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Tag: migrant

Climate change: Migrant species do well in warm and wet UK in 2019

Climate change: Migrant species do well in warm and wet UK in 2019

Science
It's been a good year for migrant butterflies, moths and dragonflies in the UK, according to a review of 2019 by the National Trust. The charity says warm and wet weather saw the biggest influx of painted lady butterflies in a decade. But the impacts of drought and wildfires in some parts mean it's not been a good year for natterjack toads and water voles.The fires saw the habitats of mountain hares impacted as well. The changeable nature of the weather in 2019 meant there were mixed outcomes for species around the country. The warm spells in the earlier part of the year saw lots of moths, butterflies and dragonflies from Europe arrive en masse. Chief among them was the painted lady butterfly. This orange and black spotted specie...
Italy lets 27 minors off migrant ship after loosening ban

Italy lets 27 minors off migrant ship after loosening ban

World
Aug. 17 (UPI) -- Under political heat, Italy's far-right Interior Minister Matteo Salvini reluctantly loosened the ban Saturday to let 27 unaccompanied minors off the stranded migrant rescue ship. The humanitarian ship operated by Spanish nonprofit group Proactiva Open Arms has been stranded off the Italian island of Lampedusa, and an Italian court ruled earlier in the week to allow it to dock in Italy despite Salvini's ban against the ship docking in Italy. Salvini, who came to power with anti-immigrant sentiment, had been in political standoff with Prime Minister Giuseppe Conte before loosening the ban. On Saturday, he authorized the disembarkation of 27 unaccompanied minors off the ship though he said he was doing so "against his will" and only because the prime minister asked him to ...

Claims: Migrant children molested in US-funded foster care

Health
This story is part of an ongoing joint investigation between The Associated Press and the PBS series FRONTLINE on the treatment of migrant children, which includes an upcoming film. ——— After local Guatemalan officials burned down an environmental activist's home, he decided to leave his village behind and flee to the United States, hoping he'd be granted asylum and his little boy, whose heart was failing, would receive lifesaving medical care. But after crossing the border into Arizona in May of last year, Border Patrol agents tore the man's 7-year-old son from his arms and sent the father nearly 2,000 miles (3,220 kilometers) away to a detention center in Georgia. The boy, now 8, went into a U.S.-funded foster home for migrant children in New York. The foster care programs are aimed at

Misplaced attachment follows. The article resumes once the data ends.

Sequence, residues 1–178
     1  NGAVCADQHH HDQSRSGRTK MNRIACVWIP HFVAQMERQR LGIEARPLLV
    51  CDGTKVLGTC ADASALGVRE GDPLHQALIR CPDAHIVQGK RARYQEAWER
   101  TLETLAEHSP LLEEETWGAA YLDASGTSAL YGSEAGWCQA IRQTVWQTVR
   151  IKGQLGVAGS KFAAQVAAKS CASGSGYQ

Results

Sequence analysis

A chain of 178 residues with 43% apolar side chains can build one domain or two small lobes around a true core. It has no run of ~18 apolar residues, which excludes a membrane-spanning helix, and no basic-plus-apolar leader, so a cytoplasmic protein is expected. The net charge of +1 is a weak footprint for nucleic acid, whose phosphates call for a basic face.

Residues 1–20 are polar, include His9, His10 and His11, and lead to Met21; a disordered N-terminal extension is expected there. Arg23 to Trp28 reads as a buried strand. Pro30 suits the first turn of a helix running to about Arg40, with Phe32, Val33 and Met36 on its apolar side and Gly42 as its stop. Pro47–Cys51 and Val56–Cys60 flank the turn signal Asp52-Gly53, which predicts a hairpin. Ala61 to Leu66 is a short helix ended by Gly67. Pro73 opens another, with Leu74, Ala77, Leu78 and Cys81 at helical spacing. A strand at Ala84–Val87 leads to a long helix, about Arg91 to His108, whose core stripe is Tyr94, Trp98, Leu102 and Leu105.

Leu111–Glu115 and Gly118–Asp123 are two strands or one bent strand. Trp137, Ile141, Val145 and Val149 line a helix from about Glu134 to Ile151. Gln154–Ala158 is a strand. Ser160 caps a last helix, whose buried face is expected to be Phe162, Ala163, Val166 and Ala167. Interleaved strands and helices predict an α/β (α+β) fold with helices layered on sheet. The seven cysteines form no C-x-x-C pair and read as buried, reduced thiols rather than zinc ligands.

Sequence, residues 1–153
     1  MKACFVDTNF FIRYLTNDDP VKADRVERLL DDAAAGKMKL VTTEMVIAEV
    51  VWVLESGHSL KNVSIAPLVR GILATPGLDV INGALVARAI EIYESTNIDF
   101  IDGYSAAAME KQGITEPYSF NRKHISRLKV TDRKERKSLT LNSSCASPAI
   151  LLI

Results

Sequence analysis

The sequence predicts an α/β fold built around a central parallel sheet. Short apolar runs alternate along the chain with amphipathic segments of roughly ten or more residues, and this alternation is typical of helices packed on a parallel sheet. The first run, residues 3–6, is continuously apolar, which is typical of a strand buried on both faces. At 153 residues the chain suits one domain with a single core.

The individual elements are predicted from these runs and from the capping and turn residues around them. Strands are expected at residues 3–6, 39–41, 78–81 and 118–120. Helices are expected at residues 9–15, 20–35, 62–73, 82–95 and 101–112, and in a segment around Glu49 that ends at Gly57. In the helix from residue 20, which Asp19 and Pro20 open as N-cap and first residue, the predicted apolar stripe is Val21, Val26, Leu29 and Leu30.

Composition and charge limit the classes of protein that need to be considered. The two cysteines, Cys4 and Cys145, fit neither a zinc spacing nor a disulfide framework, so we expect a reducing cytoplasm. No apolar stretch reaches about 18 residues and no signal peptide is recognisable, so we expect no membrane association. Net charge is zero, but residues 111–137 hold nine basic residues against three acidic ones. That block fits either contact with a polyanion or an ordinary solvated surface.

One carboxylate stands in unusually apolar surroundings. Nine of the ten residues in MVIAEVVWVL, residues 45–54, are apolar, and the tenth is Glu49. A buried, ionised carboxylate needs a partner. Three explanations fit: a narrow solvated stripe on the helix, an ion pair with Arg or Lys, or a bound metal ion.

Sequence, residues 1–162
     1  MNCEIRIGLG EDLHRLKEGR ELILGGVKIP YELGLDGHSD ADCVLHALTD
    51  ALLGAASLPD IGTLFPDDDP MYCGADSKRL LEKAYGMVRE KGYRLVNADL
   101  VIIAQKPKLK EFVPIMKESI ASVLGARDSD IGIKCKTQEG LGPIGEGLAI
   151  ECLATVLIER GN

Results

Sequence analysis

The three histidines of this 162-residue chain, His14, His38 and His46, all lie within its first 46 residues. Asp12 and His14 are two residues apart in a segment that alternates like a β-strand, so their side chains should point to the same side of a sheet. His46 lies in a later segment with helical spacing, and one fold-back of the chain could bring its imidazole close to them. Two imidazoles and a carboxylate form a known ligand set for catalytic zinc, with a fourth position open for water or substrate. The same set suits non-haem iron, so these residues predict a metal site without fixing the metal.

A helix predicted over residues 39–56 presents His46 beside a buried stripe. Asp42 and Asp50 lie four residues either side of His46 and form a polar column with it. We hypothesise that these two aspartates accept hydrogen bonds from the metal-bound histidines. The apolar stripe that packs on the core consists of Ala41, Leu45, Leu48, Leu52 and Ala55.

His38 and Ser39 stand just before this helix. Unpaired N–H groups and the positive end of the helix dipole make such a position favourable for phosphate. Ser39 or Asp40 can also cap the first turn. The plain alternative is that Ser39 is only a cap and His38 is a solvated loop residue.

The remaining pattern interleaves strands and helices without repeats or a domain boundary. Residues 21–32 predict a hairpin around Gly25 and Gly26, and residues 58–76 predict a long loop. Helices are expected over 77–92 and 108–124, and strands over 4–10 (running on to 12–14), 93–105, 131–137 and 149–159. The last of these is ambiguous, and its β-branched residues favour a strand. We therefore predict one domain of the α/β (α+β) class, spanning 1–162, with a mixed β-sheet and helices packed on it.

Claims: Migrant kids split at border harmed in foster care

Health
This story is part of an ongoing joint investigation between The Associated Press and the PBS series FRONTLINE on the treatment of migrant children. ——— Dozens of families separated at the border as part of the Trump administration's zero tolerance policy are preparing to sue the federal government, including several who say their young children were sexually, physically or emotionally abused in federally funded foster care. A review of 38 legal claims obtained by The Associated Press — some of which have never been made public — shows taxpayers could be on the hook for more than $ 200 million in damages. More than 3,000 migrant children were taken from their parents at the border in recent years and many more lawsuits are expected, potentially totaling in the billions. The families — so
Migrant ships sink, killing 150 people in the Mediterranean Sea

Migrant ships sink, killing 150 people in the Mediterranean Sea

World
July 25 (UPI) -- At least 150 migrants died when two boats sank off the coast of Libya Thursday, the worst disaster in the Mediterranean Sea this year, the U.N. Refugee Agency reported. The boats were carrying about 300 people when they sank about 80 miles east of Tripoli, UNHCR spokesman Charlie Yaxley said. Some were rescued by local fishermen and, later, the Libyan coastguard. More than 600 people have died trying to cross the Mediterranean Sea this year," Yaxley said. "If current trends continue, we are likely to see more than a thousand people lose their life on the Mediterranean for the sixth year in a row, which is a bleak milestone for us to be reaching," Yaxley said. He calls for a major shift in approach to the Mediterranean situation. "Urgent action is needed to save lives at...